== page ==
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Impacting The Wayúu Nation

Manna Church West Florida and Frontline Missions continue to partner in equipping and empowering Pastor Arnulfo as he reaches across two borders in South America. Pastor Arnulfo and his wife, Maria, who passed away in 2020, have twelve children, five of whom currently co-labor with him in ministry. This dynamic Colombian pastor and his team have been extraordinarily effective over the past 4 years in discipling students using his five-month course.

Pastor Arnulfo

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In This Issue:
Impacting The Wayúu Nation
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Praying as we go into the Wayúu villages

Sharilyn Margulis, Mission Pastor at Manna Church

The extent of Pastor Arnulfo’s honor among his disciples is rivaled only by the broad impact of his ministry—sending out 280 graduates at last count—affecting his own church, eleven Wayúu Colombian villages, and now reaches into neighboring Venezuela. Three Wayúu pastors (trained originally by Pastor Arnulfo in Venezuela) recently traveled to share with Heidi their testimony of 137 additional trained students.

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Heidi and group of graduates

In September, we were honored to distribute 100 family food bags and participate in the graduation of seven new graduates in the Maicao village (Colombia). Pastor Arnulfo and his daughter, Griselly, traveled three hours every Sunday for five months to teach for four hours. During the course, seven Wayúu students were challenged by their beloved teacher to study many scriptures each week and answer numerous apologetic questions to fortify their faith in Christ. The entire Maicao community came together to hear the great Bible truths these students had gleaned, honor the graduates’ commitment, and celebrate with a delicious goat and cassava feast. As the graduates’ royal-blue gowns, caps, and white stoles captured attention against the brown, dry background of the land, we couldn’t help but draw the parallels of the stark contrast of God’s light that wins hearts in dark places.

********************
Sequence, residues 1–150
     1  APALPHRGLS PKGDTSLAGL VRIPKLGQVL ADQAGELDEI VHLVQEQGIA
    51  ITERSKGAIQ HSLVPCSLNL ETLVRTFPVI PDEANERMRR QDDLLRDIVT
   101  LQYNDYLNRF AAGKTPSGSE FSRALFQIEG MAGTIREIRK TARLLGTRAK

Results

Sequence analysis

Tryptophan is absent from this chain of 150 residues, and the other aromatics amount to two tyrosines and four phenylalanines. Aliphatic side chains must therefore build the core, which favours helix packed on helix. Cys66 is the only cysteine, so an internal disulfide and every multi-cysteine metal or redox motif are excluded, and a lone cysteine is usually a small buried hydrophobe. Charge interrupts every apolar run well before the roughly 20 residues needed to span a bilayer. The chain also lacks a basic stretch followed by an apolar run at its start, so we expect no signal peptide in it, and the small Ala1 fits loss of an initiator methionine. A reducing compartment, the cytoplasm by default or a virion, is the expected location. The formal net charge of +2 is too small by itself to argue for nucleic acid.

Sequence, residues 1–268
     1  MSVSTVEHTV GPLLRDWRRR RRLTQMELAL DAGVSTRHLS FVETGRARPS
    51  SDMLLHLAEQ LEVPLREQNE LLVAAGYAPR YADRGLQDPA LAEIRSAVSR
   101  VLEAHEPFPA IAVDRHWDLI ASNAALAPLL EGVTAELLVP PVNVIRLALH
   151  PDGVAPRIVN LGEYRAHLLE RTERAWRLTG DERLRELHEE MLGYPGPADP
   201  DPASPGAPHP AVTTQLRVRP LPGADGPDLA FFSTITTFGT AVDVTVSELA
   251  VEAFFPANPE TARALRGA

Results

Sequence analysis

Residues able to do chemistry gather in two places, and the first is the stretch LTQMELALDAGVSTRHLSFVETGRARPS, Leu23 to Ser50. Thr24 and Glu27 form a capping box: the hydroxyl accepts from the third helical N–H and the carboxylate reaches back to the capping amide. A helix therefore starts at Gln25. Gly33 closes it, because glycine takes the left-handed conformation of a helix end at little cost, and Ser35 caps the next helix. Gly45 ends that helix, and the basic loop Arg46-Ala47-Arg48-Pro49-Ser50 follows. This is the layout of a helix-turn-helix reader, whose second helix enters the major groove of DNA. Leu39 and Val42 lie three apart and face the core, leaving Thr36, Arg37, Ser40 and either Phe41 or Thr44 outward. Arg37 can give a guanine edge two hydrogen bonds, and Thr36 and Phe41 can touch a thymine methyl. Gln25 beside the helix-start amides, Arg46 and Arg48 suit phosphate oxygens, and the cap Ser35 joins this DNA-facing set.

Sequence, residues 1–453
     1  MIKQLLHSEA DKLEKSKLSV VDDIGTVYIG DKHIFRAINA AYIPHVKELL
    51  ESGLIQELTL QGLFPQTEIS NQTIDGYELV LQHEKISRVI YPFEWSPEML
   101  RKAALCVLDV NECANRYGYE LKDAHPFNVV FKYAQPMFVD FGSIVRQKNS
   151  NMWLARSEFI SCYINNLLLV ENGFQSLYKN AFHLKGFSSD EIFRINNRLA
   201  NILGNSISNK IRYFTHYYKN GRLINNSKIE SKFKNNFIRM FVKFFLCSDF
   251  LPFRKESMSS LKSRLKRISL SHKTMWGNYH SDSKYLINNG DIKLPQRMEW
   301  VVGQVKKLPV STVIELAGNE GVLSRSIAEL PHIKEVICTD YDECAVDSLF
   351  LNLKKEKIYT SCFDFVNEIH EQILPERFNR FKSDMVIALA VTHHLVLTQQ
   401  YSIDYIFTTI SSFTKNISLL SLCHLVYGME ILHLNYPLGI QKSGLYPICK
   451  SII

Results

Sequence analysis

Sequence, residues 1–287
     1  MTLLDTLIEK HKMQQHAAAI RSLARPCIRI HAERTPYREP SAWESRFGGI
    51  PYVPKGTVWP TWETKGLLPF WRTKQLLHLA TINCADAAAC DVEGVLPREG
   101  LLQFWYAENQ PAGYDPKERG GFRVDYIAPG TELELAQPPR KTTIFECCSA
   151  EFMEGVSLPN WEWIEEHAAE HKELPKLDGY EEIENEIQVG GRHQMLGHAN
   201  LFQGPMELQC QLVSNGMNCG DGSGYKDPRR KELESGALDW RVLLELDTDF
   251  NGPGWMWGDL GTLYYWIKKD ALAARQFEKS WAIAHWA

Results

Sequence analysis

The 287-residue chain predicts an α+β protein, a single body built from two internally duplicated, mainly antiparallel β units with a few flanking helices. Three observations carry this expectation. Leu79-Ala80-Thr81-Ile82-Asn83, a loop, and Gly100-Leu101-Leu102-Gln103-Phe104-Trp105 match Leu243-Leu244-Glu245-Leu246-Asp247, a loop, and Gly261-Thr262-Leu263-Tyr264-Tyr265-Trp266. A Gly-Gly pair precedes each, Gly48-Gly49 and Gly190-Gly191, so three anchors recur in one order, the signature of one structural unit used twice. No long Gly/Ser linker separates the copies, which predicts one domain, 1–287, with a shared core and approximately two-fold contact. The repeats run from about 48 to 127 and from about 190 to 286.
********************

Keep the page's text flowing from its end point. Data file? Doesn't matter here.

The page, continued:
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Paulo & Betânia Nunez, CONPLEI

Partnering With CONPLEI

Four years ago Frontline Missions was asked to participate in the Jesus Film Project training Indigenous leaders to take the Gospel to the far reaches of Brazil. Through that project, Natacha and Alexander Gonzalez, our directors in Brazil, were introduced to Paulo Nunez and Henrique Terena, Vice President and President of CONPLEI.

The relationship deepened as we discovered CONPLEI shares the same unique vision that Alan and I have to empower Indigenous Christian leaders—a vision that does not seem to be shared with many organizations.

This year CONPLEI invited all their partners to their 32-year celebration in Brazil. The Indigenous regalia, crafts, and music touched our hearts, taking us back to our celebrations years ago at our own Indigenous training center. At the time that God led Frontline Missions to walk away from our Brazilian training center, I assured the Indigenous that God would take us to a “Promised Land” similar to the Israelites leaving Egypt. I told them, “I don’t know where it is, what it looks like, or how we are going to get there…but I KNOW that God will be faithful and take us there!”

Starting with sending them as missionaries with the Jesus Film backpacks to remote villages that Americans could not reach, continuing with starting businesses to help them become more independent, and now leading us to partner with CONPLEI will open up a world Frontline Missions could not offer them alone…the future in this new “Promised Land” is appearing richer and richer by the year.

This partnership is not a "handing off" of our Indigenous ministry, but instead, expanding the “family,” where we discover like-minded believers who are willing to share and empower. I believe it exemplifies the New Testament church:

“...the believers were of one heart and soul and no one said that any of the things that belonged to him was his own, but they had everything in common.” - Acts 4:32

The value of having more local people share in the work of the ministry is immeasurable. May we all run the race to which God has called each of us with great determination and full vigor to the end!